Notes on the Bible, by Albert Barnes, , at sacred-texts.com
Are placed by some with great probability between Exo 24:8-9.
Twelve pillars - As the altar was a symbol of the presence of Yahweh, so these twelve pillars represented the presence of the Twelve tribes with whom He was making the covenant.
Young men of the children of Israel - See Exo 19:22; Exo 28:1; Lev 1:5.
Burnt offerings ... peace offerings - The burnt offerings Lev. 1 figured the dedication of the nation to Yahweh, and the peace offerings Lev. 3 their communion with Yahweh and with each other.
He sprinkled - Rather, he cast. See Lev 1:5.
The book of the covenant - See Exo 20:22 note. The people had to repeat their assent to the book of the covenant before the blood was thrown upon them. Compare Kg2 23:2, Kg2 23:21; Ch2 34:30.
The blood which sealed the covenant was the blood of burnt offerings and peace offerings. The sin-offering Lev. 4 had not yet been instituted. That more complicated view of human nature which gave to the sin-offering its meaning, had yet to be developed by the law, which was now only receiving its ratification. The covenant between Yahweh and His people therefore took precedence of the operation of the law, by which came the knowledge of sin. Rom 3:20.
Upon the people - Either upon the elders or those who stood foremost; or, upon the twelve pillars representing the Twelve tribes, as the first half had been cast upon the altar, which witnessed to the presence of Yahweh. The blood thus divided between the two parties to the covenant signified the sacramental union between the Lord and His people. Cf. Psa 50:5; Zac 9:11.
It would appear that Moses, Aaron with his two sons, and seventy of the elders Exo 19:7 went a short distance up the mountain to eat the meal of the covenant (compare Gen 31:43-47), which must have consisted of the flesh of the peace offerings Exo 24:5. Joshua accompanied Moses as his servant Exo 24:13.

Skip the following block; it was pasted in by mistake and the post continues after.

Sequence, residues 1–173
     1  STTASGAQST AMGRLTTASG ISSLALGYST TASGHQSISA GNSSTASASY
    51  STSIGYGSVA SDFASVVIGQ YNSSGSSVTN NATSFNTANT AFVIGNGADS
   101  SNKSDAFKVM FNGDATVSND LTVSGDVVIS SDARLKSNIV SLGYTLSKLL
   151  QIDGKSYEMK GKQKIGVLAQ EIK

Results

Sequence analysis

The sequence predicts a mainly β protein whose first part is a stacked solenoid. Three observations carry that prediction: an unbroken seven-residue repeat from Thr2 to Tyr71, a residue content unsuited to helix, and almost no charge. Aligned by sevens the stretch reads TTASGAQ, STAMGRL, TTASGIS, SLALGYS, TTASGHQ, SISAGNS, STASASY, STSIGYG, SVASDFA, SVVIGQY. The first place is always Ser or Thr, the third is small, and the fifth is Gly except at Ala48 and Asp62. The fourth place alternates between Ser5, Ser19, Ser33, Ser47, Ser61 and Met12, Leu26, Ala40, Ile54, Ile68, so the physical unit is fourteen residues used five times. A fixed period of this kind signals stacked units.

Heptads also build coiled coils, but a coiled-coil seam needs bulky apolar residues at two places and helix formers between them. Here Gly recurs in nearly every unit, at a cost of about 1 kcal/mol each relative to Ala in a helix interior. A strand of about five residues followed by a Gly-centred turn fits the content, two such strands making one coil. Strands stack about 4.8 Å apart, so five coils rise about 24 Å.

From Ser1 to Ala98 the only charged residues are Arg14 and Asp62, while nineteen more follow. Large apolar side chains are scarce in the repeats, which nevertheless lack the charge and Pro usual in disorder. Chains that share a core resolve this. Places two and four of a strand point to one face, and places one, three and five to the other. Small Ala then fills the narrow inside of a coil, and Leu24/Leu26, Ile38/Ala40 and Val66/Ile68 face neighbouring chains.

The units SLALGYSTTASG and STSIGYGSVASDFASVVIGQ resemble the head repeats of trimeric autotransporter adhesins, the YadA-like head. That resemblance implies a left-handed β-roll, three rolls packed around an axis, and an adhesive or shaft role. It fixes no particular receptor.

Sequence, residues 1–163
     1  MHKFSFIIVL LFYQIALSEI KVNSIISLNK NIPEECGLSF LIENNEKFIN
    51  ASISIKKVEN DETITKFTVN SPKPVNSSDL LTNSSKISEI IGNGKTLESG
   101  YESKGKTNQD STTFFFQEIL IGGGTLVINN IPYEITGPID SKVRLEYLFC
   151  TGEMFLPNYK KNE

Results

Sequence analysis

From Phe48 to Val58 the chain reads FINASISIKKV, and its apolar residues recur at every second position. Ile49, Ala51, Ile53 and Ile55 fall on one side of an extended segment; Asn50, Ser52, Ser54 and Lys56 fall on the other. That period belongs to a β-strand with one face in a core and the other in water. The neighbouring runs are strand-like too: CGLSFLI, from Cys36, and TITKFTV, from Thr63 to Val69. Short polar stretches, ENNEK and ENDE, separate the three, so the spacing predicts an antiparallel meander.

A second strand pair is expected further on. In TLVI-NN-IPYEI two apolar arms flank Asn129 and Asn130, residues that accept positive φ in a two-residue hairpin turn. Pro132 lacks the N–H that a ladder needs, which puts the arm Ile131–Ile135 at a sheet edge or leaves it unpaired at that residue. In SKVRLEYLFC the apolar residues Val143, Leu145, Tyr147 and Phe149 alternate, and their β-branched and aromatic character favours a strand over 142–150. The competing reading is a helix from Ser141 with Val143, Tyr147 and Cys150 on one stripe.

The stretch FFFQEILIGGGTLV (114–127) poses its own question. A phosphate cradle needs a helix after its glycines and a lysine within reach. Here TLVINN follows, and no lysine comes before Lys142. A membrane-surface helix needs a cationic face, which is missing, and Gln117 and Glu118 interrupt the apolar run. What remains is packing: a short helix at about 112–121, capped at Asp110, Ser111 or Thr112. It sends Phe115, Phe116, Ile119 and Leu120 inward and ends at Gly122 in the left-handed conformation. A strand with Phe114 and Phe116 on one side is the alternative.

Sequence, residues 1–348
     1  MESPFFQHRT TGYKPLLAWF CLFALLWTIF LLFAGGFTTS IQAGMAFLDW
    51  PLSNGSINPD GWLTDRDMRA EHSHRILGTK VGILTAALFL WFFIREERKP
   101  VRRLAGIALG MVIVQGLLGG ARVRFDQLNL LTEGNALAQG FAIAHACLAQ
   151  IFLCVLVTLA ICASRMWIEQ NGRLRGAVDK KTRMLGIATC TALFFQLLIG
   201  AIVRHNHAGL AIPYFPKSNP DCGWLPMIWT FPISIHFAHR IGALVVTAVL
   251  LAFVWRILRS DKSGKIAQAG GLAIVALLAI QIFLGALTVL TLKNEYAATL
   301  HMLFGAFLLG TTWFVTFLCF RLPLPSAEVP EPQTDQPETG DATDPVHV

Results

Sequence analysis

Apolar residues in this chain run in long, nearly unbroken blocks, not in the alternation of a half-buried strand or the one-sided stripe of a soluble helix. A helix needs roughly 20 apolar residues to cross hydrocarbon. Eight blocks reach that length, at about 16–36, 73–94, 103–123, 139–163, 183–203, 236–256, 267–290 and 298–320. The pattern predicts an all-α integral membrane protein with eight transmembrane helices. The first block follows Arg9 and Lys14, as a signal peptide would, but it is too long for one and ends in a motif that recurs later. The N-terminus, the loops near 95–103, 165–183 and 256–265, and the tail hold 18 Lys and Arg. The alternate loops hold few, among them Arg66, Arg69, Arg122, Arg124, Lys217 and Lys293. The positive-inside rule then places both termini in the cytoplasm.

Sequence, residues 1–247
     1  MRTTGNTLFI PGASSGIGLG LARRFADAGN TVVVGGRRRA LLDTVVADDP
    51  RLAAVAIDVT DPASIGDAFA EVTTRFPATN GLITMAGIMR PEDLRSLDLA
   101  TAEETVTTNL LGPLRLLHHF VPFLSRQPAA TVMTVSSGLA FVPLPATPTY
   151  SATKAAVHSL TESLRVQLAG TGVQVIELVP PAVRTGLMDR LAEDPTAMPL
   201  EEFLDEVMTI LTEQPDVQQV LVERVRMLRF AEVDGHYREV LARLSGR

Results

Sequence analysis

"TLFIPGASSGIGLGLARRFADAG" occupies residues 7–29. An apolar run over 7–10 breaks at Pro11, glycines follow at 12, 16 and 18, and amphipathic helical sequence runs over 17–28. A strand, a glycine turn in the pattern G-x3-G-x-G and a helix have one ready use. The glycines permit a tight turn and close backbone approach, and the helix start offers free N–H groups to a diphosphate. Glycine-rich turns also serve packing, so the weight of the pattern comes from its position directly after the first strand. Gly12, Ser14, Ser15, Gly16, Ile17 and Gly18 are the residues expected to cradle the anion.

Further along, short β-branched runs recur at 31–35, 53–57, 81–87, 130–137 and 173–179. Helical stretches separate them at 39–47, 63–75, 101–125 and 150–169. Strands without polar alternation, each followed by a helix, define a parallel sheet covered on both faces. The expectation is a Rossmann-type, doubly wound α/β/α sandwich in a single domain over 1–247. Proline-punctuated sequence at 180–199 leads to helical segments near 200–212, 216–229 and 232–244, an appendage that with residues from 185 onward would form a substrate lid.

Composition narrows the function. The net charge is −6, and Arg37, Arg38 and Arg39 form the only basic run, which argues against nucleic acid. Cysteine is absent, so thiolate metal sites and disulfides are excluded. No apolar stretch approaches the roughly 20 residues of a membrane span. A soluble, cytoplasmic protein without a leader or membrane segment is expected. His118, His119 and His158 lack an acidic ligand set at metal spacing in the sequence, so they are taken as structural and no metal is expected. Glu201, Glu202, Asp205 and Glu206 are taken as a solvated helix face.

And they saw the God of Israel - As they ate the sacrificial feast, the presence of Yahweh was manifested to them with special distinctness. In the act of solemn worship, they perceived that He was present with them, as their Lord and their Deliverer. It is idle to speculate on the mode of this revelation. That no visible form was presented to their bodily eyes, we are expressly informed, Deu 4:12; see Exo 33:20; compare Isa 6:1. The latter part of this verse may be read: "under His feet, it was like a work of bright sapphire stone, and like the heaven itself in clearness." On the sapphire, see Exo 28:18; compare Eze 1:26. The pure blue of the heaven above them lent its influence to help the inner sense to realize the vision which no mortal eye could behold.
He laid not his hand - i. e. He did not strike them. It was believed that a mortal could not survive the sight of God Exo 33:20; Gen 32:30; Jdg 6:22; Jdg 13:22 : but these rulers of Israel were permitted to eat and drink, while they were enjoying in an extraordinary degree the sense of the divine presence, and received no harm.
Many Jews understand the "tables of stone" to denote the Ten Commandments; "a law," the law written in the Pentateuch; and the "commandments" (or "the commandment"), the oral or traditional law which was in after ages put into writing in the Mishna and the Gemara. But it is more probable that the Ten Commandments alone are spoken of, and that the meaning is, "the tables of stone with the law, even the commandment."
During this period of forty days, and the second period when the tables were renewed, Moses neither ate bread nor drank water. Compare marginal references. In like manner, Elijah fasted for forty days, when he visited the same spot Kg1 19:8. The two who met our Saviour on the Mount of Transfiguration Mat 17:3, the one representing the law, the other representing the Prophets, thus shadowed forth in their own experience the Fast of Forty days in the wilderness of Judaea.